Table4_Tizoxanide Promotes Apoptosis in Glioblastoma by Inhibiting CDK1 Activity.docx (13.66 kB)
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Table4_Tizoxanide Promotes Apoptosis in Glioblastoma by Inhibiting CDK1 Activity.docx

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posted on 25.05.2022, 04:21 authored by Si Huang, Jingxian Xiao, Junyong Wu, Jiayi Liu, Xueping Feng, Chengdong Yang, Daxiong Xiang, Shilin Luo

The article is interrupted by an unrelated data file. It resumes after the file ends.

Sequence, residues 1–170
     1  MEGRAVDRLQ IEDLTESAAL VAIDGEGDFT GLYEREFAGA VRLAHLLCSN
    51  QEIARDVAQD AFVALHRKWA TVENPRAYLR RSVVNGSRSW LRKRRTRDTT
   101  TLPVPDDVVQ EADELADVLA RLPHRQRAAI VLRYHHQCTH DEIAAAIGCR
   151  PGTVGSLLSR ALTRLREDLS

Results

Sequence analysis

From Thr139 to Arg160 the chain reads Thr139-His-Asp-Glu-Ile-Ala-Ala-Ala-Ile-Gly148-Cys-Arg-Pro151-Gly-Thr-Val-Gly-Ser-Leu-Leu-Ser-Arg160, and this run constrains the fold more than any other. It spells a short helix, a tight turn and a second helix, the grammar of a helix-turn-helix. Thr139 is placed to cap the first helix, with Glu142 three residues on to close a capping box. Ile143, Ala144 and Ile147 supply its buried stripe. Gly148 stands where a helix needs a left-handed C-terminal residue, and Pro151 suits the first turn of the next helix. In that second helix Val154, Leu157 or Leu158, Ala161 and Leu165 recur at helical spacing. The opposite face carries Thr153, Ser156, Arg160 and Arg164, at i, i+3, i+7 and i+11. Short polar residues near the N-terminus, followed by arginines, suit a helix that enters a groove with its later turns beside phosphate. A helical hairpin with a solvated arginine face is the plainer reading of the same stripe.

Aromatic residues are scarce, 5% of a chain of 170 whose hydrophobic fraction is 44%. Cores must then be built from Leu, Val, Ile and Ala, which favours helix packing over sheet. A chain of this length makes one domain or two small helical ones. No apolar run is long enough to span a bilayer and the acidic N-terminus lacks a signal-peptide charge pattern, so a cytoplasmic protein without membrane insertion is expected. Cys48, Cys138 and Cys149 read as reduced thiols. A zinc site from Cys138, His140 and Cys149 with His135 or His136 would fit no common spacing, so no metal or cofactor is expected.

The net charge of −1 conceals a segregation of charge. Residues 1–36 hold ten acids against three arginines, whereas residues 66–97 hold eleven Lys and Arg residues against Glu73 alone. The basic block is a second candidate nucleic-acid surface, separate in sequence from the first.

The antiparasitic drug nitazoxanide (NTZ) has received considerable attention for its potential in cancer therapy. In this study, we demonstrate that tizoxanide (TIZ), an active metabolite of NTZ, exhibits antiglioma activity in vitro and in vivo by inducing G2/M cell cycle arrest and apoptosis. In vitro, TIZ dose-dependently inhibited the proliferation of U87, U118, and A172 human glioblastoma (GBM) cells at 48 h with IC50 values of 1.10, 2.31, and 0.73 µM, respectively. Treatment with TIZ (1 and 10 µM) also dose-dependently inhibited the colony formation of these GBM cells and accumulated ROS damage in the nucleus. In silico target fishing combined with network pharmacological disease spectrum analyses of GBM revealed that cycle-dependent kinase 1 (CDK1) is the most compatible target for TIZ and molecular docking by Molecule Operating Environment (MOE) software confirmed it. Mechanistically, TIZ inhibited the phosphorylation of CDK1 at Thr161 and decreased the activity of the CDK1/cyclin B1 complex, arresting the cell cycle at the G2/M phase. TIZ may induce apoptosis via the ROS-mediated apoptotic pathway. In vivo, TIZ suppressed the growth of established subcutaneous and intracranial orthotopic xenograft models of GBM without causing obvious side effects and prolonged the survival of nude mice bearing glioma. Taken together, our results demonstrated that TIZ might be a promising chemotherapy drug in the treatment of GBM.